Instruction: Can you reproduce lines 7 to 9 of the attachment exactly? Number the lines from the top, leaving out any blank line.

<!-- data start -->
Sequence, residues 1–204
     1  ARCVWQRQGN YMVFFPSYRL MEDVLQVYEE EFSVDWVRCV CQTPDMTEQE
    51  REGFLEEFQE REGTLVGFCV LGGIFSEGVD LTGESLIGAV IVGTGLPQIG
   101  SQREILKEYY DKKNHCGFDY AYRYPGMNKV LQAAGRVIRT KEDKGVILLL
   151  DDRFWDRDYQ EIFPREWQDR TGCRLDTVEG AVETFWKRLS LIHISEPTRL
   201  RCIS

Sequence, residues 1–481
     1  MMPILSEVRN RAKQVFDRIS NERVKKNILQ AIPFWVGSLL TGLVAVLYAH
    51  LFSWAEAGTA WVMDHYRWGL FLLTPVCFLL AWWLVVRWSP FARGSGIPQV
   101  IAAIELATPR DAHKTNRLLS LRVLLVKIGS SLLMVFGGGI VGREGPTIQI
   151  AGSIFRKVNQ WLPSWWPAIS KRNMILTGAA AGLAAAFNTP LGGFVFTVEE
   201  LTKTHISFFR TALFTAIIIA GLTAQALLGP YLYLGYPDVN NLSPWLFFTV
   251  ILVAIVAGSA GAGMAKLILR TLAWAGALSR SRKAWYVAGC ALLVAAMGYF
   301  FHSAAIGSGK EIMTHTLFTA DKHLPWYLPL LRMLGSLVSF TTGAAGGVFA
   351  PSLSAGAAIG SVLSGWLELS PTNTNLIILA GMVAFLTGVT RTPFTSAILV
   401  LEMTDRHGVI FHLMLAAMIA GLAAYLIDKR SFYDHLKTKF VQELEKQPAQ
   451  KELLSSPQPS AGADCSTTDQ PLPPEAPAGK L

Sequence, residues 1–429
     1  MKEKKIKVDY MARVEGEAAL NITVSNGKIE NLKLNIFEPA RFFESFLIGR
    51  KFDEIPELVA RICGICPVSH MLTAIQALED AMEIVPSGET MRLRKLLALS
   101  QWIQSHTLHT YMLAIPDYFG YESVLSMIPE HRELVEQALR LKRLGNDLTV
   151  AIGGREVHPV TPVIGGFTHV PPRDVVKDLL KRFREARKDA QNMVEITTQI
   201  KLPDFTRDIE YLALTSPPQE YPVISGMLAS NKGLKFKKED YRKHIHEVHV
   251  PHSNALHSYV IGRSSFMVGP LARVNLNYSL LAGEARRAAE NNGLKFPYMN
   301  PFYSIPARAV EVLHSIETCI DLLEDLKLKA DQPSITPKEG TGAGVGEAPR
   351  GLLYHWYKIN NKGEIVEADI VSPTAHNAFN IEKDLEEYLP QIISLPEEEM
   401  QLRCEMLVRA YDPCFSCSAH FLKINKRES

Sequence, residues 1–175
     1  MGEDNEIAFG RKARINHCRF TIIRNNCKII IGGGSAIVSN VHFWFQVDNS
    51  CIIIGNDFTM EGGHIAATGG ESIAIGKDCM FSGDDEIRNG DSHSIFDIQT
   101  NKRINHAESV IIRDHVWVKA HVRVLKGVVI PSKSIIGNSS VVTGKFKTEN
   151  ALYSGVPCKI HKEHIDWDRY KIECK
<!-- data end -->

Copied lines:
Sequence, residues 1–481
     1  MMPILSEVRN RAKQVFDRIS NERVKKNILQ AIPFWVGSLL TGLVAVLYAH
    51  LFSWAEAGTA WVMDHYRWGL FLLTPVCFLL AWWLVVRWSP FARGSGIPQV